Dealing with Performance Anxiety in the Bedroom



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March-30, 2023

Sex is supposed to be fun, but if you're constantly worried about how you're doing, it's hard to have fun. Learn why you could be experiencing sexual performance anxiety and receive some advice on how to relax if you want to bring the glitter back into your romantic relationships.

 

These are some potential causes of performance anxiety during sex with tips on how to treat it if you are experiencing it.

 

1. A poor self-image

It can be challenging to enjoy yourself during sex if you don't feel great about your body.

 

Even when you feel wonderful about your appearance, it can be difficult to be exposed and vulnerable in front of someone.

 

Furthermore, if you're worried about how you appear, you're probably not paying attention to the pleasures of sex.

 

We want to focus on the experience of, "What are the feelings in my body?" but it pulls us away.

 

How to overcome it:

A challenging yet empowering strategy to reestablish a connection with your body is to work towards body acceptance. In actuality, this can resemble:

 

Reexamining your relationship to movement and food:

We have learned to detest food and excessively appreciate exercise as a result of societal prejudice and weight stigma. Being kinder to yourself and appreciate all that your body accomplishes for you every day can be achieved by neutralizing or embracing your connection with food and exercise.

 

Including jovial movement

The word "movement" is frequently associated with physical activity, but enjoyable motions like dancing, walking, or even cleaning can boost your body's confidence.

 

Visit a boudoir photographer:

Seeing images of your body that make you feel wonderful can inspire you to project that body image in the bedroom.

 

2. A sense of estrangement from your partner

Due to your lack of familiarity with your sexual partner, you could occasionally feel detached from them. Yet even if you've been dating someone for a while, you could feel distant from them if you've just fought or were apart.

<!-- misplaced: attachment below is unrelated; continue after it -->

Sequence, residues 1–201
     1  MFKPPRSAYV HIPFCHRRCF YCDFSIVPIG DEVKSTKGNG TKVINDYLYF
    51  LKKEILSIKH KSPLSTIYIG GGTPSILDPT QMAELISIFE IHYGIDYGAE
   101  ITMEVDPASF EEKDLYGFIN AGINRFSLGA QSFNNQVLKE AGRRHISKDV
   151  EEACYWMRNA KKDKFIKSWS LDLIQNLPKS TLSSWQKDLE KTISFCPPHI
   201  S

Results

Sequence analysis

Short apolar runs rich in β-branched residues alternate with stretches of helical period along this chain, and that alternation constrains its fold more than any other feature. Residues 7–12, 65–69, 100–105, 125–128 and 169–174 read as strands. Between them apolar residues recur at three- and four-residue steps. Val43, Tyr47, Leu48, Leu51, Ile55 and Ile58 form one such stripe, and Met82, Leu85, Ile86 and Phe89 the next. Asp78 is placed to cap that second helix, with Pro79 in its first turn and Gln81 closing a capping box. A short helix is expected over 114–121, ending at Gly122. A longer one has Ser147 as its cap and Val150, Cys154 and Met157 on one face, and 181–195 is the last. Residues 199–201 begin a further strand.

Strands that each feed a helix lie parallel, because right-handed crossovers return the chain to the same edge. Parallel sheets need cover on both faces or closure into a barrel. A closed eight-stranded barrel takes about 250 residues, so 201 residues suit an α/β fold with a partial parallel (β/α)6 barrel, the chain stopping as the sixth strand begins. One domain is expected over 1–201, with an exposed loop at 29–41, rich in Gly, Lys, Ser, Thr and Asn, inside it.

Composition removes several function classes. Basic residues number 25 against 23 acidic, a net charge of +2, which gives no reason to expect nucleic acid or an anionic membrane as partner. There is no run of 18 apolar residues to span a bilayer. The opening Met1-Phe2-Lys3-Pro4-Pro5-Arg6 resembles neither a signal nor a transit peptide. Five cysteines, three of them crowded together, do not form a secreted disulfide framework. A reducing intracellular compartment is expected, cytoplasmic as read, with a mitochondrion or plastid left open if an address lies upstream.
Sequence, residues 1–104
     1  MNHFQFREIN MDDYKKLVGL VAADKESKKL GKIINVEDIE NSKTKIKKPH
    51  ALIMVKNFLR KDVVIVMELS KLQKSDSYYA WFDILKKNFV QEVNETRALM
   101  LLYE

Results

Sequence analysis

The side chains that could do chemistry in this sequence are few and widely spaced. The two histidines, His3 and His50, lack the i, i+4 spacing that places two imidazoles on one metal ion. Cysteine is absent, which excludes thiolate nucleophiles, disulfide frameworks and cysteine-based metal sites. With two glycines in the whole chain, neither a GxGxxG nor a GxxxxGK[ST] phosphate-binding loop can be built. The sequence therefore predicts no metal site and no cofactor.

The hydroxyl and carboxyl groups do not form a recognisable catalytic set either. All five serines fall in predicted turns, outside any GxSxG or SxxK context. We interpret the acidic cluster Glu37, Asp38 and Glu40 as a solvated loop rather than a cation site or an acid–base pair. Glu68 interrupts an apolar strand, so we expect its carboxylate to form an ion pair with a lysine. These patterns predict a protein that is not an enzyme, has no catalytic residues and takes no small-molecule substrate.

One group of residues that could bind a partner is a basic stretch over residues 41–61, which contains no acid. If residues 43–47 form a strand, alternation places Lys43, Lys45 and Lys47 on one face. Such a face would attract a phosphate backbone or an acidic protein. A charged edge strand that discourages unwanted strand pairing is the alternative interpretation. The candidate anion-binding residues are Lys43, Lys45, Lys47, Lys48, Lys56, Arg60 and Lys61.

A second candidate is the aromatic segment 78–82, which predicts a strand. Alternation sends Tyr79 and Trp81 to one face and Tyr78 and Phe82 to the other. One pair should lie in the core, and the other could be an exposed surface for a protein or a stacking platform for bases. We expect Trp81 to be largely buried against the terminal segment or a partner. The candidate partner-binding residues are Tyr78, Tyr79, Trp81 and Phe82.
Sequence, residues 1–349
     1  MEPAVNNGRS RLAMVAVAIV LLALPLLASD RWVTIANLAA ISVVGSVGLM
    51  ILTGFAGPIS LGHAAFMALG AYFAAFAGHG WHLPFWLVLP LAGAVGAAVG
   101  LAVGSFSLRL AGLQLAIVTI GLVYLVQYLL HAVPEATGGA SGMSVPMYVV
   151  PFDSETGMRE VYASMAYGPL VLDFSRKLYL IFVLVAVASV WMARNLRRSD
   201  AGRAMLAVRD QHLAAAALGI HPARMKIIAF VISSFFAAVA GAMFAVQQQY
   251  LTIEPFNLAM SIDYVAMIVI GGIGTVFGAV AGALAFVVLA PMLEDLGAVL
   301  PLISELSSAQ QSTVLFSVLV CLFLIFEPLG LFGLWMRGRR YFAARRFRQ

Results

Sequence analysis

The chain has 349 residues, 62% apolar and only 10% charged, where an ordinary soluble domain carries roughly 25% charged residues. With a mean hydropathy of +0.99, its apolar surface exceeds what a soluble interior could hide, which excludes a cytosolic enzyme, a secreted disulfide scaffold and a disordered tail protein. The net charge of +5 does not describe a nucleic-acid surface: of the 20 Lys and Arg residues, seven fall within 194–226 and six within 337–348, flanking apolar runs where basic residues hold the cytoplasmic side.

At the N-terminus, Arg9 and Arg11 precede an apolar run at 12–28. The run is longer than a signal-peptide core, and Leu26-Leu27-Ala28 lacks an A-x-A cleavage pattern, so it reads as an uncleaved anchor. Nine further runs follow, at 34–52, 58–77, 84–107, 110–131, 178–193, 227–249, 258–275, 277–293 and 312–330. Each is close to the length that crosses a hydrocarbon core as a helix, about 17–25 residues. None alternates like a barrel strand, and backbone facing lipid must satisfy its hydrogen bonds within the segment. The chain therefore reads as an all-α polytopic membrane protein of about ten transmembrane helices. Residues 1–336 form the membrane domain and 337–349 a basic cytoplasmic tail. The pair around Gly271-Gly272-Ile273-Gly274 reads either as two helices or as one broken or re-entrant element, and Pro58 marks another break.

Your thoughts could wander during sex as a result of this detachment, which could allow anxiety to establish a foothold. Also, your brain is more likely to go into "performance mode" and cause performance anxiety if you feel distanced from your partner(s).

 

How to overcome it: 

The best course of action is to discuss your concerns with your partner.

 

She also suggests concentrating on foreplay.

Not only in bed but also in the minutes, hours, or even days before intercourse. It can include holding hands or kissing all day long or cuddling on the couch.

Without jumping right into sex, foreplay allows you to rekindle your relationship with your spouse and fosters intimacy.

 

3. Negative beliefs or shame about sex

A typical source of performance anxiety is having unfavorable sex-related views. For instance, if you were raised believing that having sex is wrong or immoral, you might feel guilty about having sexual relations.

You could worry about how your partner(s) will view you or feel about your sexual encounters as a result of this embarrassment.

 

How to overcome it: 

One important step in overcoming sexual shame is to get treatment from a mental health practitioner who promotes sex.